Heart of Atlanta Motel v. United States was a landmark case in which the Supreme Court of the United States bestowed upon the US Congress the power to compel private businesses to adhere to Title II of the Civil Rights Act 1964, which prohibits racial discrimination in public places or business establishments. This case was quite important not only because it asserted the role of the Congress in enhancing racial equality in America but also because it defined the scope of the powers of the US Congress under the Commerce Clause, especially the power of the Congress to regulate intervenes, albeit to a limited extent in the regulation of interstate commerce.

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By upholding the ruling that the Congress may in exercise of its authority under the Commerce Clause prohibit discrimination in public accommodation was an important milestone in the history of civil rights movement and the clamor for racial equality. A contrary decision in this case would have effectively invalidated the Civil Rights Act of 1964, leaving the states at liberty to enact varied laws to safeguard against racial discrimination. The impact of this decision on the American legal landscape was therefore to create a standard or guiding applicability of the Commerce Clause (US Constitution, Article 1, Section 8, and Clause 3) (Casenotes. (2007).

Previous decisions prior to this ruling had tended to limit the effect of Commerce Clause on private business. The Fourteenth Amendment had prohibited racial discrimination by states but the law appeared silent on acts of racial discrimination by private businesses such as motels and restaurants. Long after the enactment of the Civil Rights Act of 1875, private businesses still enjoyed the liberty to deny access or refuse to serve African Americans, especially after the Supreme Court ruled in a number of civil rights cases in 1883 that Congress had limited jurisdiction over private discrimination (Miller, 2009). These rulings dealt the Fourteenth Amendment a significant blow by limiting the powers of the Congress and that of the federal government to reign in on private discrimination.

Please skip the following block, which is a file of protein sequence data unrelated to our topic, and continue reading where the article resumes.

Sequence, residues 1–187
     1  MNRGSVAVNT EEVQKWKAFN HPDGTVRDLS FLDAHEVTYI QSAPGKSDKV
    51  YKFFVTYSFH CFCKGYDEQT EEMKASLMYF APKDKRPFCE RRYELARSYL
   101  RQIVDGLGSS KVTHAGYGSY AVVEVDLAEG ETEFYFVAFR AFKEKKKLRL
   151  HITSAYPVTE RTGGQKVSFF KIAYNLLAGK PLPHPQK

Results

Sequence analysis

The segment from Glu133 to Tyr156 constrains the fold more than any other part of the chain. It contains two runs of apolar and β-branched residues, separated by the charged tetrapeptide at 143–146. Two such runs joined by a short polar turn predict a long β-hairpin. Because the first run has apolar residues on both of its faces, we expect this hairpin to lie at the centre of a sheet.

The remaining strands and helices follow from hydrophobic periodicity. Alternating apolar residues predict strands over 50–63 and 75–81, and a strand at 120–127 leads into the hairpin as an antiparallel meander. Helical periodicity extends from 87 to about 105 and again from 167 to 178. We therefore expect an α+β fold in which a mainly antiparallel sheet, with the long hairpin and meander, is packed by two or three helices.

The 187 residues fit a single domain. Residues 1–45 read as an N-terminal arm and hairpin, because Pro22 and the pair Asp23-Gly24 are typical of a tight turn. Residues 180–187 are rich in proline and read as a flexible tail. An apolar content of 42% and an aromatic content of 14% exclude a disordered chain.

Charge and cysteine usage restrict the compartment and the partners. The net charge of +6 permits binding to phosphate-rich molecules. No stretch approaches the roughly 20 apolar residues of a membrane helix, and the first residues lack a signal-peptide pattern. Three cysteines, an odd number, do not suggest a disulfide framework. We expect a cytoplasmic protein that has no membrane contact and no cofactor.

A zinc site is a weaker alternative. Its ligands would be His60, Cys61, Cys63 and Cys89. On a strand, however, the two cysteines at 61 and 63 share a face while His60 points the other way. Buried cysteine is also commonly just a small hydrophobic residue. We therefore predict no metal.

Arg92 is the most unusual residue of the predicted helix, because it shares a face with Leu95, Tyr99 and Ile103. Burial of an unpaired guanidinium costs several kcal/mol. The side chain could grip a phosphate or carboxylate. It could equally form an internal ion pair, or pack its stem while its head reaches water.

In this particular case, the noted that the power of the US Congress to regulate interstate commerce transcends the regulation of commerce among states to those activities interstate, which affect interstate commerce or the powers of the congress thereof, which require the intervention of the Congress in achieving the legitimate end of the exercise of its power to regulate interstate commerce. The Supreme Court in its ruling develops a test for the effects of Commerce Clause and the Civil Rights Act of 1964 on interstate commerce. The effect of this test was that the Congress had the power to prohibit racial discrimination by private businesses however local their operations seemed to be as long as the nature of the business served interstate purposes such as accommodating travellers who do not necessarily hail from the state of Georgia (Miller, 2009).

Most commerce is considered interstate because business premises do not often restrict their clientele to specific states as that would in itself constitute acts of hostility between states. In this case for instance, the motel offered accommodation to travellers from Georgia and those from other states, making its clientele diverse and interstate as opposed to being intrastate (Miller, 2014). Commerce is not always about the movement of commodities and services but also about the movement and interaction of people. Unlike goods or services, people are not limited to states and will in most cases shuttle between states in pursuit of business objectives. This makes commerce mostly interstate within the confines of the Commerce Clause.